Conclusions

Taken together, the findings suggest that vitexin is able to bind at the binding site of TLR4/MD-2 complex with more stability than donepezil throughout the course of 100 ns simulation. Hence, vitexin has the potential to be an antagonist candidate for LPS.

Introduction

Neuroinflammation has been postulated by many to be the key player in most neurodegenerative diseases [1, 2]. Examples of neurodegenerative diseases are Alzheimer’s disease (AD) and Parkinson’s disease (PD). In the U. S, it is estimated that 13.8 million people will be suffering from AD by 2050 [3]. On the other hand, the prevalence of the disease in Malaysia is estimated to reach 0.454% by 2050 [4].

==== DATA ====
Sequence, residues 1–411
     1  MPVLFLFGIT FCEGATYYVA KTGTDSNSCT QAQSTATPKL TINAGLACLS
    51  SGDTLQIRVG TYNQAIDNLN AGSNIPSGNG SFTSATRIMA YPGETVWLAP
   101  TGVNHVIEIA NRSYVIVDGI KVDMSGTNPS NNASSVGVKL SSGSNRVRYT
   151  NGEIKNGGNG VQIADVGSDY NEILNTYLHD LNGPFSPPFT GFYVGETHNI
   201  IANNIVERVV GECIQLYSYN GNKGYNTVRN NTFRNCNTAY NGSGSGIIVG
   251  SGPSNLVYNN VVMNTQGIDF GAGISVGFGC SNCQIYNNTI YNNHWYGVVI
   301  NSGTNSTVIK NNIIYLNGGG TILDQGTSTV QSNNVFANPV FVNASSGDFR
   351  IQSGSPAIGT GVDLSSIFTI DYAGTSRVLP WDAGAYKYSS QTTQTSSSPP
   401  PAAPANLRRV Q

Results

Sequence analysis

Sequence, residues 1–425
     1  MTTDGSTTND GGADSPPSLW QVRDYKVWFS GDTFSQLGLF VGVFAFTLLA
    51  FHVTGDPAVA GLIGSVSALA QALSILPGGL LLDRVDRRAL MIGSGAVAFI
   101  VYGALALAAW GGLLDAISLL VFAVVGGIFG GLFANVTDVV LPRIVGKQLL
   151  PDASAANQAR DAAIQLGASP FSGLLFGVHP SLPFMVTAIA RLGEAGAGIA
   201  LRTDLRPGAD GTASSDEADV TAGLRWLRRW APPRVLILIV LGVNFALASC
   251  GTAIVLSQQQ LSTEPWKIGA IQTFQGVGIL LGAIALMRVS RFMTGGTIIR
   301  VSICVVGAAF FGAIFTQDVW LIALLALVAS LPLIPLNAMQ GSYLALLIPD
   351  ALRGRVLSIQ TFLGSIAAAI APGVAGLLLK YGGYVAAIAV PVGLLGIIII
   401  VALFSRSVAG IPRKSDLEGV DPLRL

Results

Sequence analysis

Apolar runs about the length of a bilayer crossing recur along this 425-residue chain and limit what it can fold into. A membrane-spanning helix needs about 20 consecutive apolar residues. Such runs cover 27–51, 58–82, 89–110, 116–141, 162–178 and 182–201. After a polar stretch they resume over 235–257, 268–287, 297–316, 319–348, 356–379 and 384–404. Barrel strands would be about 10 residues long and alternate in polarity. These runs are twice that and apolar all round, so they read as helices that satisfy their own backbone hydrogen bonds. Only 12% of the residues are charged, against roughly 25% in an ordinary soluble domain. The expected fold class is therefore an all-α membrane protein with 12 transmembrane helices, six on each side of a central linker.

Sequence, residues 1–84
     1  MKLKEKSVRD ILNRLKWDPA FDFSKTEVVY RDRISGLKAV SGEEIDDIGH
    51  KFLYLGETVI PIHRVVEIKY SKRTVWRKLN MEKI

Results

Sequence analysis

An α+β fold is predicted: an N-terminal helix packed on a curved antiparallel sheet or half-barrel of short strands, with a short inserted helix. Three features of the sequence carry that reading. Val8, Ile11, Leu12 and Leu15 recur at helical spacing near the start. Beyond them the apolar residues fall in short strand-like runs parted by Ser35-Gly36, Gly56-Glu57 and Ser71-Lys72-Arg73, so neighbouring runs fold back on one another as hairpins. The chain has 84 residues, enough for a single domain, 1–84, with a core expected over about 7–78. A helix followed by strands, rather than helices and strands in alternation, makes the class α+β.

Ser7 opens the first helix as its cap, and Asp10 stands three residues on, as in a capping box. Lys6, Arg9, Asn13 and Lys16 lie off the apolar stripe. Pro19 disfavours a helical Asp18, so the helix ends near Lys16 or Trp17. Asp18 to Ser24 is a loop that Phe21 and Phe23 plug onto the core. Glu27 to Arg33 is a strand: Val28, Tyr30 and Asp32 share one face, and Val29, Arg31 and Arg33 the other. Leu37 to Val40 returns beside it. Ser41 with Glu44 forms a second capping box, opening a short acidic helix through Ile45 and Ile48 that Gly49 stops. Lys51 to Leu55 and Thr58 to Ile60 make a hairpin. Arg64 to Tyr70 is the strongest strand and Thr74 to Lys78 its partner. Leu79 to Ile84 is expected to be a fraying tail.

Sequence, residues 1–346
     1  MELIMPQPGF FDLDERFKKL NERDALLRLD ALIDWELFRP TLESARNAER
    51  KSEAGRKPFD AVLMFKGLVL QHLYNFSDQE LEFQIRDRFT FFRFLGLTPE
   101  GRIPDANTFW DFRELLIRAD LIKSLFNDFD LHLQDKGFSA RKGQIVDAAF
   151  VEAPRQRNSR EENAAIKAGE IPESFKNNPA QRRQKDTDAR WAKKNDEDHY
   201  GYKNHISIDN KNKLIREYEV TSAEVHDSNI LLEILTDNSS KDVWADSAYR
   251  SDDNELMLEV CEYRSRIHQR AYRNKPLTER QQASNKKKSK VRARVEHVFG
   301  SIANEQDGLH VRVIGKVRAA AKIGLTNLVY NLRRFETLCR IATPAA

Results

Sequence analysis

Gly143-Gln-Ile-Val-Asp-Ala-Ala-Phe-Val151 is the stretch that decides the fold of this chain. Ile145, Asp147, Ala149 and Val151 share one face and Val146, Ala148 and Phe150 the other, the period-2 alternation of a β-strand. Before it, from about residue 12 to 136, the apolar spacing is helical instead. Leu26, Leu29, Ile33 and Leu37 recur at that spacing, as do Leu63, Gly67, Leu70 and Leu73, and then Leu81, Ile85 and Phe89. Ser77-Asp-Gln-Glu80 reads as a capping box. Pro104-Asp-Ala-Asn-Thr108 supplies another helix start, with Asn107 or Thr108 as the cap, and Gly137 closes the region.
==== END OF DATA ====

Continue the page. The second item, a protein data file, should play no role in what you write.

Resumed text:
Currently, there are only five drugs that have been approved by the U.S. Food & Drug Administration (FDA) for the treatment of neurodegenerative diseases. One of the drugs is donepezil. Donepezil has been clinically used as part of AD treatment regime due to its ability to act as a potent anti-inflammatory agent as [5, 6]. In addition, donepezil has been reported to be able to deactivate microglia independently of its acetylcholine receptor [7]. However, the consumption of donepezil only able to delay the progression of AD but not curing the disease [8].

Upon the establishment of neuroinflammation, microglia are said to be among the first cells to be activated [9, 10]. The activation of microglia allows the damage to be repaired in a short period of time to maintain the homeostasis of neuron microenvironment. However, microglia can become dysregulated when the repairing process takes longer time. Such situation results in the establishment of chronic neuroinflammation [11].